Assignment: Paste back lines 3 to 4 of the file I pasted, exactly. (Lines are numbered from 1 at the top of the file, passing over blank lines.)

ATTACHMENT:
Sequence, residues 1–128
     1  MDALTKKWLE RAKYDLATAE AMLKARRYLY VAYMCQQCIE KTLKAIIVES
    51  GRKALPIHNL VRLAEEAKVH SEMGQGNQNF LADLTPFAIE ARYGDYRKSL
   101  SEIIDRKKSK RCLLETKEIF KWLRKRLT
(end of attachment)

    51  GRKALPIHNL VRLAEEAKVH SEMGQGNQNF LADLTPFAIE ARYGDYRKSL
   101  SEIIDRKKSK RCLLETKEIF KWLRKRLT